50 Stories for 50 Years: Exploring the history of Distress Centre Calgary from 1969 to present
Welcome to 50 stories for 50 years, the history of Distress Centre Calgary from 1969 to the present. My name is Donna Crawford, and I am a volunteer who has the honour and pleasure of guiding you on this journey; a very different kind of guidance than provided by those volunteers at the original Drug Information Centre, who were helping people hands-on, during a very different kind of “trip.”
The services of Distress Centre matter now, as much as they did then. Its history is part of the social and cultural history of Calgary.
Whether you are a former client, volunteer, staff member, board member or funder, I hope you will see your experiences reflected in the stories. They have been generated by going through every paper record that exists from 1969 forward, the more current online material, and many personal interviews with people representing all 5 decades in various capacities. Interviewees often held more than one role; client to volunteer, practicum student to staff, funder to volunteer are just a few examples. There are also stories of more than one generation in a family having a connection to Distress Centre.
Needless to say, I gathered a wealth of information, far more than 50 stories can ever tell.
The original plan was to create 10 stories per decade, but in the end, I have written them simply as they arose, more or less chronologically. Some ten-year periods just had way more going on! Stories may represent events, such as the Festival Express in 1970, which in many ways was causal in the creation of what is now Distress Centre. Others will be people stories. Some are funding, service or policy stories; I hope I am not the only one that finds that interesting. Some stories, like the effect of an economic downturn on the citizens of Calgary’s mental health, could be written without a date, they are so similar from decade to decade.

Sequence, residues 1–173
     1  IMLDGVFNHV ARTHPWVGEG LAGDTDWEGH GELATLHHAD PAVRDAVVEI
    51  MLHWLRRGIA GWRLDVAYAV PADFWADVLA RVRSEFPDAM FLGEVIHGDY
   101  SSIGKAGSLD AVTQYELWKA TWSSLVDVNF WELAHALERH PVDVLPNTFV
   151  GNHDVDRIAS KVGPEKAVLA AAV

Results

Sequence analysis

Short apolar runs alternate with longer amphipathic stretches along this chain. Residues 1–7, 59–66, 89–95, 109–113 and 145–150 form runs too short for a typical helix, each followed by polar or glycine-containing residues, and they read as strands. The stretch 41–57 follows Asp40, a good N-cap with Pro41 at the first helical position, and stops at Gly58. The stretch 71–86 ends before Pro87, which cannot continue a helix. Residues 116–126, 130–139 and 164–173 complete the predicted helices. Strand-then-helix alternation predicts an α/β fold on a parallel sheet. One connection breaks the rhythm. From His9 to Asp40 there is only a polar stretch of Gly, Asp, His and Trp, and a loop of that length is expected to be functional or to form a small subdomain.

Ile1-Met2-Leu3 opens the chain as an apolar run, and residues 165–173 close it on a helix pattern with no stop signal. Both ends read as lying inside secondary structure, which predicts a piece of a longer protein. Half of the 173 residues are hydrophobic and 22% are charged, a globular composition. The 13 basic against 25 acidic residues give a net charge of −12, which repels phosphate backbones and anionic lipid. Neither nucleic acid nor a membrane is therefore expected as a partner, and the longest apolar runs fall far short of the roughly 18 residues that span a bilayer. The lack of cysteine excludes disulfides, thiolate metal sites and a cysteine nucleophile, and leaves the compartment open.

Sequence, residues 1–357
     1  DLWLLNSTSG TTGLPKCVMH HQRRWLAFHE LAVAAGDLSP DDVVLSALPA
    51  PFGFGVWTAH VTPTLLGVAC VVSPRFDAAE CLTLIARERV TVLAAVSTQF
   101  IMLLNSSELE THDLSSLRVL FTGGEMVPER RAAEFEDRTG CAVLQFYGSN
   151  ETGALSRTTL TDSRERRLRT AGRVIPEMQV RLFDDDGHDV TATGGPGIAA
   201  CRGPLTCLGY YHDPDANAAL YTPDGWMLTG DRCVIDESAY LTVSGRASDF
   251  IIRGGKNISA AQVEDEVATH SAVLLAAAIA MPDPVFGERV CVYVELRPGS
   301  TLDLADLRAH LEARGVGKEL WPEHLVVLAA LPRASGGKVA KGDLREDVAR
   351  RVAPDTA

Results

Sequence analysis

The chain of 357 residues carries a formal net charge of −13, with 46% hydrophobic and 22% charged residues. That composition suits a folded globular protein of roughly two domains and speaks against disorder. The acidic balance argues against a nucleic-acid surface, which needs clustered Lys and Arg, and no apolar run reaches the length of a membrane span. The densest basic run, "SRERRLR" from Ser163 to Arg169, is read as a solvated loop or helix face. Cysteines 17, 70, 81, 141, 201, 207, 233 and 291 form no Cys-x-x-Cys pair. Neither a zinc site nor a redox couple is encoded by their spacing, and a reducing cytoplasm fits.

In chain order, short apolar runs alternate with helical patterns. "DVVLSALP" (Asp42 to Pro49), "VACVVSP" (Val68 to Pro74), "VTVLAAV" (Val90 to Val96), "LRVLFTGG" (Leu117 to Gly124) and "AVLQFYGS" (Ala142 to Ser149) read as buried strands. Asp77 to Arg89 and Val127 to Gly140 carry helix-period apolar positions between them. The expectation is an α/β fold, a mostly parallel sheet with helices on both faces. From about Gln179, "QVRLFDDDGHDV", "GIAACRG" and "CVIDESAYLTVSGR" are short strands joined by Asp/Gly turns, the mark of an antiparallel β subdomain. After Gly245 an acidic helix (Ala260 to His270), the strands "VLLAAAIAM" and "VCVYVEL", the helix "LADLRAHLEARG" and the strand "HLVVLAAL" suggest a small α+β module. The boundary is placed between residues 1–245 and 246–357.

''Some stories, like the effect of an economic downturn on the citizens of Calgary’s mental health, could be written without a date, they are so similar from decade to decade.''
In total, they will reflect the growth and development of Distress Centre over time. They will also reflect core values that have never changed; a service that is free, confidential, volunteer driven, and fueled by people who are always ready to listen to whatever the caller defines as a crisis.
In the 50 years, Distress Centre has responded to well over 2.5 million requests for help through calls, texts, chats, counselling, referral and financial assistance. That is a lot of helping. The fact that a social service agency which is dependent on volunteers and public/private funding still exists after 50 years is unusual, interesting, and speaks to the ongoing need.
''The fact that a social service agency which is dependent on volunteers and public/private funding still exists after 50 years is unusual, interesting, and speaks to the ongoing need.''
It is very hard to succinctly say what I have learned through all this research, and I don’t want to spoil the stories to come. Two things are very clear, however. One is the value of the services Distress Centre provides directly to the community, often life saving. The other is less obvious. That is the contribution that well-trained staff and volunteers make out in the community every day, long past their connection to the organization itself. Some fulfill their commitment, others continue on for 20 plus years. They all use their skills and training with family, friends, in the workplace, and on many unexpected occasions, all the time. That is an outcome that cannot be quantified, but it matters.
I hope you enjoy the stories, the history, and for those of you who have been part of Distress Centre personally in any way, I hope the stories bring you many happy reflections.
Distress Centre will be sharing a story every Tuesday for 50 weeks. We hope you will join us on this journey. All stories can be found here.